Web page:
Artigo em Inglês | MEDLINE | ID: mdl-31058466

RESUMO

OBJECTIVE: We investigated prospective change in the prevalence of coronary microvascular dysfunction (CMD) and obstructive coronary artery disease (CAD) in a cohort of systemic lupus erythematosus (SLE) subjects initially evaluated for anginal chest pain (CP). BACKGROUND: Prior work documented a relatively high prevalence of CMD in the absence of obstructive CAD in subjects with SLE. METHODS: Twenty female SLE subjects with CP who underwent stress cardiac magnetic resonance imaging (CMRI) and coronary computed tomography angiography (CCTA) at baseline were re-evaluated at 5 years. RESULTS: Seventeen subjects (85%) were available and re-enrolled, of which eleven (65%) had persistent chest pain on follow up. Fourteen subjects had complete follow up CMRI, of which 36% (5/14) demonstrated CMD on follow up. Further, 25% (1/4) of the originally abnormal MPRI at baseline were lower at follow up, while 2 additionally abnormal MPRI values on follow up were noted in previously normal MPRIs. Both prevalence of CMD and non-obstructive/obstructive CAD were unchanged between baseline and follow up, respectively (both p=ns). During follow up, 33% (5/15) had adverse cardiac outcomes including pericarditis, unstable angina or intracranial aneurysm clipping procedure. CONCLUSIONS: At 5-year follow up of SLE subjects with CP evaluated at baseline and follow up, a majority had persistent CP and nearly half had similar or worse myocardial perfusion consistent with CMD without obstructive CAD. These findings propose an alternative explanation for CP in SLE subjects compared to the more common SLE-related accelerated obstructive CAD accounting for CP and adverse outcomes. These findings support further studies of CMD as an etiology for cardiac morbidity and mortality in SLE. This article is protected by copyright. All rights reserved.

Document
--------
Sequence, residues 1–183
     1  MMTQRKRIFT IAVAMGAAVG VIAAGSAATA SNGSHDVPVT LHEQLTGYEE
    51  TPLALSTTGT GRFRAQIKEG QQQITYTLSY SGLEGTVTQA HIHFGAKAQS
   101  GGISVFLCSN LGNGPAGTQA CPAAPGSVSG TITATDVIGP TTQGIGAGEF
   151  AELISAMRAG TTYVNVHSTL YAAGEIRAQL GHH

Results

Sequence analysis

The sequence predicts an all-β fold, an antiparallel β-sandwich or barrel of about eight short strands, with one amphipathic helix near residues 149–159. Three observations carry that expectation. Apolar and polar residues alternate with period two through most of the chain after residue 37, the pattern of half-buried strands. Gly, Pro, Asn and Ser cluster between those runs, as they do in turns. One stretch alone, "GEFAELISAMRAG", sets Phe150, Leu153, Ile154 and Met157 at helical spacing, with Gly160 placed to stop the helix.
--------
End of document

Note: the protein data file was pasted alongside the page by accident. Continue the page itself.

8.
J Rheumatol ; 2019 Apr 01.
Artigo em Inglês | MEDLINE | ID: mdl-30936280

RESUMO

OBJECTIVE: Cauda equina syndrome (CES) is a rare neurologic complication of longstanding ankylosing spondylitis (AS). It is unclear what causes CES, and no proven or effective therapy has been reported to date. We have encountered 6 patients with longstanding AS diagnosed with CES. We set about to study their features, review the literature, and generate hypotheses regarding pathophysiology, as well as to speculate on the possibilities of early recognition and prevention. METHODS: We obtained permission from 6 patients with longstanding AS and CES to access their medical records and imaging studies for research purposes related to this paper. We collected and reviewed each patient's medical history, imaging studies, disease duration, past therapies especially those that relate to AS, laboratory data, as well as any treatment they received for CES and followup results of each case to the present time. RESULTS: The 6 cases of CES with AS have remarkable similarity to each other in that several decades of the disease had passed before neurologic symptoms and later signs appeared. All cases have fused spines and facet joints without spinal fractures, spinal stenosis, or disc herniation. CONCLUSION: CES is a rare yet debilitating neurologic complication of longstanding AS. The pathophysiology and treatments are far from clear. We postulate that chronic enthesitis of the vertebral column initiates the process that results in dural stiffening and formation of ectasias, causing downstream nerve root damage.

9.
Rheum Dis Clin North Am ; 45(2): xiii-xiv, 2019 05.
Artigo em Inglês | MEDLINE | ID: mdl-30952401
10.
J Rheumatol ; 2019 Apr 15.